The outward benefits of yoga seem almost too obvious when we begin to practice: strength, focus, peace of mind, balance… if you’ve practiced, you’ve felt it too. As we begin to peel away the layers, we may also discover other unexpected and invaluable benefits such as the way in which we relate to ourselves. The term that my meditation teacher uses is “making friends with yourself”; it is the process of letting go of that recurrent voice inside that tells you that you have to be something different than you are, when in fact, you are already all that you need to be. It is about accessing your true self, and it is the ease that you build in a yoga practice that molds the key.

 

In this manner, yoga heals. I regularly teach Yoga for Cancer Recovery workshops and my students cannot sing enough praises about how yoga has healed their body, mind, and souls. For a cancer survivor, nothing feels better than to proactively participate in promoting her own good health. What is most exciting to me is that my recovery classes actually encourage the students to do less, and I incorporate this concept by starting each class with meditation. The whole practice, meditation combined with yoga, is about waking up. In our modern lives, we are programmed to think that we will be happier if we do more and accomplish more. I am personally guilty of the same mindset, and it seems radical to break this paradigm. Not that I am denouncing productivity – it is important to realize and pursue our goals. A meditation practice may actually help us achieve our goals by understanding that there is nothing we can do that will make us healthier or happier than something we’ll find is already inside us. This concept, which seems so enigmatic and unattainable at first, is actually something that we can wake up to while in our practice and learn to meet in each moment as it arises. There is nothing mystical or religious about it. In fact, it is the most pragmatic principle that exists. Our practice simply asks us to be ourselves. When we accept and make friends with our true selves, our goals become within reach because we truly understand our potential. The hard work of uncovering that true self is up to you.

 

So now that you are convinced a meditation practice can be part of your yoga practice, how do you begin? Start by committing yourself to 5 minutes a day for a week. Then build up to 10 minutes the following week, 15 minutes the following, and finally 20 minutes in your fourth week. Be patient with yourself. No one is able to run a marathon without training, and your brain is the most difficult part of your body to train. Start by sitting up straight. Some people like to have an icon to focus upon, their eyes closed, or their eyes slightly open. I am for all of the above – choose the method that works for you. Find a comfortable seat in a chair, on a block, or cushion, or the good old floor will do just fine. The reason we sit up straight is that we believe that there is something dignified about our practice, that it serves us as much as we submit to it too. While practicing, own it and commit to it. Fight the urge to get off your cushion or mat to check your phone or jot down that item on your to do list that you miraculously remembered while “clearing your mind”. This practice teaches us that there is no thought so brilliant that you must hold onto it. In this manner, you begin to forgive, let go, and create ease in both your body and mind.   Remember, start in baby steps, but really engage in it. Consider it your mind’s commitment to train for the Iron Man-Brain. You’ll find the training will pay off as you begin to meet each moment as it arises, let go in challenging situations, and find the best in yourself.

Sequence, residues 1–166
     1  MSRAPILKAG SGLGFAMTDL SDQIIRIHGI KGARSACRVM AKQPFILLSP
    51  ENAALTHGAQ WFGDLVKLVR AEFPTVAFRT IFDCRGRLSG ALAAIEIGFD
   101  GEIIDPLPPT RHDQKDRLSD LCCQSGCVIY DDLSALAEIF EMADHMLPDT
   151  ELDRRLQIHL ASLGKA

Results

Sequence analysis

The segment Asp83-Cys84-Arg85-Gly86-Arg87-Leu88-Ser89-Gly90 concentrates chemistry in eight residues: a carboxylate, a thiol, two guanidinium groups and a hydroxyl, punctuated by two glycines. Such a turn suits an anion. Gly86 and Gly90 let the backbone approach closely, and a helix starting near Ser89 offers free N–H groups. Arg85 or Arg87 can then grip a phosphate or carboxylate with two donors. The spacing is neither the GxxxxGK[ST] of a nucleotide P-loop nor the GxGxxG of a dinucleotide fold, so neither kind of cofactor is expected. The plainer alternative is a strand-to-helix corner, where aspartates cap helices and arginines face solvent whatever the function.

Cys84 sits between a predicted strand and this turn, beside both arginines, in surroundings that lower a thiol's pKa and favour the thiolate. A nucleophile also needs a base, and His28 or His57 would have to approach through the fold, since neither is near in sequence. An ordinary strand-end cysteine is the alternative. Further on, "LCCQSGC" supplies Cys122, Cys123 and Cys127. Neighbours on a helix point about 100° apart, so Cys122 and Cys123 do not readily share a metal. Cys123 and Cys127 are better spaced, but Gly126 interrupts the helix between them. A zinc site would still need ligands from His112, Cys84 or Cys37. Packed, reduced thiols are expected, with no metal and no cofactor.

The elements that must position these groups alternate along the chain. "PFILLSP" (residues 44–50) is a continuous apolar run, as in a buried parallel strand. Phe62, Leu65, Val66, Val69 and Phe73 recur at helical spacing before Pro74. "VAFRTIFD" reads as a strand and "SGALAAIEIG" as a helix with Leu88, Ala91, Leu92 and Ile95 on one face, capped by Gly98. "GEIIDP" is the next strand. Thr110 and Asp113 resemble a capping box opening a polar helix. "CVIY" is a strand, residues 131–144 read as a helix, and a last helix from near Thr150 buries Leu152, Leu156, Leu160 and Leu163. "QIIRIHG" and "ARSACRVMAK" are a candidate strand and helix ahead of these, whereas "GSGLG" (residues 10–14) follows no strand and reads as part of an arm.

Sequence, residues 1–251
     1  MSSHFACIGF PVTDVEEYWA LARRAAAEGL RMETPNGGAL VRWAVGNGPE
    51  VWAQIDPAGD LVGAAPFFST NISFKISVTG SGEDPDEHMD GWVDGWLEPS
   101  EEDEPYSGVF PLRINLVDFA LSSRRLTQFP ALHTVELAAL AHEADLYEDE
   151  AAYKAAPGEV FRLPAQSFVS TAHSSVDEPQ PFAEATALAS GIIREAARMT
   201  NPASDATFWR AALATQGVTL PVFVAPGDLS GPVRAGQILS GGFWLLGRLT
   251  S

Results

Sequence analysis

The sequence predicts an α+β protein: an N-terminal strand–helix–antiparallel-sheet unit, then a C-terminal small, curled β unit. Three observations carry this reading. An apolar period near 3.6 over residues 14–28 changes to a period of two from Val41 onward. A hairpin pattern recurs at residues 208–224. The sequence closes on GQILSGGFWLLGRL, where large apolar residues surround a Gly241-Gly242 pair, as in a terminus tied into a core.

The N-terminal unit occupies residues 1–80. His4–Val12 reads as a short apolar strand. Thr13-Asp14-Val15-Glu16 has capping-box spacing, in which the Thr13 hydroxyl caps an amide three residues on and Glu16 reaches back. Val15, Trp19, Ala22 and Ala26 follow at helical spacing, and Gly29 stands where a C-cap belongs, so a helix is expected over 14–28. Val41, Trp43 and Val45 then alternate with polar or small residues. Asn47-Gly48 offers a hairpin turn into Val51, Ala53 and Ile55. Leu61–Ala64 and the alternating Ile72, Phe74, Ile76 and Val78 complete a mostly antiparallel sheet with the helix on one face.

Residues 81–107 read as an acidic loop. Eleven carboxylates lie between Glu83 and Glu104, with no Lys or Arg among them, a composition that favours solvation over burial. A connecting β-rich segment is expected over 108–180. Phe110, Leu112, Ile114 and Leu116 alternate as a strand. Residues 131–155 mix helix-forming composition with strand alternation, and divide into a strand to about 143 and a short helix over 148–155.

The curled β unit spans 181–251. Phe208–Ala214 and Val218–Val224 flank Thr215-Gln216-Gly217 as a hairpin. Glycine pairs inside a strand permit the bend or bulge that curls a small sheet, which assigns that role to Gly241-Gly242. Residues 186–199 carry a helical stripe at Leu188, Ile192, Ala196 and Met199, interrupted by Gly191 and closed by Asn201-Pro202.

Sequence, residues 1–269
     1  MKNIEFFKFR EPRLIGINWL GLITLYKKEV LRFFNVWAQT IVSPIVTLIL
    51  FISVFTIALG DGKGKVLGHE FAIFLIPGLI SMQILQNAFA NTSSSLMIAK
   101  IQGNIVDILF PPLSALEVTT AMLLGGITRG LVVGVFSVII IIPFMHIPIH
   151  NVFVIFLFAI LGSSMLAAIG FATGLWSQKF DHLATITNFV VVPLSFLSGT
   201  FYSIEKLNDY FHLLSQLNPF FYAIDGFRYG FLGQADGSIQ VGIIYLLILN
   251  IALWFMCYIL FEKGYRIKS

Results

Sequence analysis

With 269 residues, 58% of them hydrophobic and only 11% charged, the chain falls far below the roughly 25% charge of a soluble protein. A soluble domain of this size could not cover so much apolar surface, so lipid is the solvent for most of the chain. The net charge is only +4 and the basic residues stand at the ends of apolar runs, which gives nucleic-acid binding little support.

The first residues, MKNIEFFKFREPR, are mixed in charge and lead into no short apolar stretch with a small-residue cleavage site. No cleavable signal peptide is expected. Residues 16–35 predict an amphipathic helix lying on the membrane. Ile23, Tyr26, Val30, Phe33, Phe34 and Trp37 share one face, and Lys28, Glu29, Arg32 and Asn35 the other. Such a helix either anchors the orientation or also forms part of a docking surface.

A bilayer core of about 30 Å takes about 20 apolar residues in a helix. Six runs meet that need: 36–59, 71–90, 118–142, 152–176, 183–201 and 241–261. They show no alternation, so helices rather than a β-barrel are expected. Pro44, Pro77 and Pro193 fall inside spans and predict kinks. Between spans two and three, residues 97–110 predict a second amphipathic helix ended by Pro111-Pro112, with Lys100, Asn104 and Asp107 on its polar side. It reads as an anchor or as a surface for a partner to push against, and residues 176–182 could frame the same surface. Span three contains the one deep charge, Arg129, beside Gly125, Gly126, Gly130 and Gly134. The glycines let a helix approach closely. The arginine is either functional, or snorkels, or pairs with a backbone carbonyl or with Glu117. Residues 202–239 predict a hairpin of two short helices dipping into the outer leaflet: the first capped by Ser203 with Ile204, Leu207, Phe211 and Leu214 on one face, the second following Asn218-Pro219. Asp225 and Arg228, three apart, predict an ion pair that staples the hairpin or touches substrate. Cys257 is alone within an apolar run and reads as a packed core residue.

Pranayama for Cancer Patients

Yogic breathing “pranayama” has been shown to be an effective treatment for cancer patients in improving their sleep, relieving anxiety and improving quality of life. In particular, a dose–response relationship has been found in numerous studies relating pranayama use and improvements in chemotherapy-associated symptoms and quality of life. Indeed, further studies have also shown that pranayama can have immediate down-regulating effects on the HPA axis response to stress. In the classes that I teach for cancer patients, I often teach a pranayama practice called “nadi shodhana,” or “alternative nostril breathing.” However, there is one key difference in the traditional practice – we do not hold breath. Due to the circumstances of their health, and all the other ancillary stresses that accompany a cancer diagnosis (financial, relational, occupational, etc.), cancer patients and survivors already experience vast amounts of stress. The “flight or fight” response of the nervous system is already on overdrive, and breath holding can intensify the feelings of stress and anxiety. So, no breath holding in the traditional nadi shodhana. But! We do want to practice alternative nostril breathing because it is the perfect tool to bring our attention to our breath and learn to control our breath, thus taking back control of our hyped up nervous systems. So try this with me today: Close your 2nd and 3rd fingers into your right palm, keeping the thumb and 4th and 5th fingers out. Take a deep inhale, and close your right nostril with your thumb, let go of your left nostril. Exhale out through your left nostril, close the left nostril with the 4th and 5th finger, open the right nostril, and inhale through your right nostril. Exhale through the left, and continue for 10 rounds. Switch hands for 10 more rounds, switching nostrils, exhaling through the right and inhaling through the left. Then let me know how it feels on your nervous system!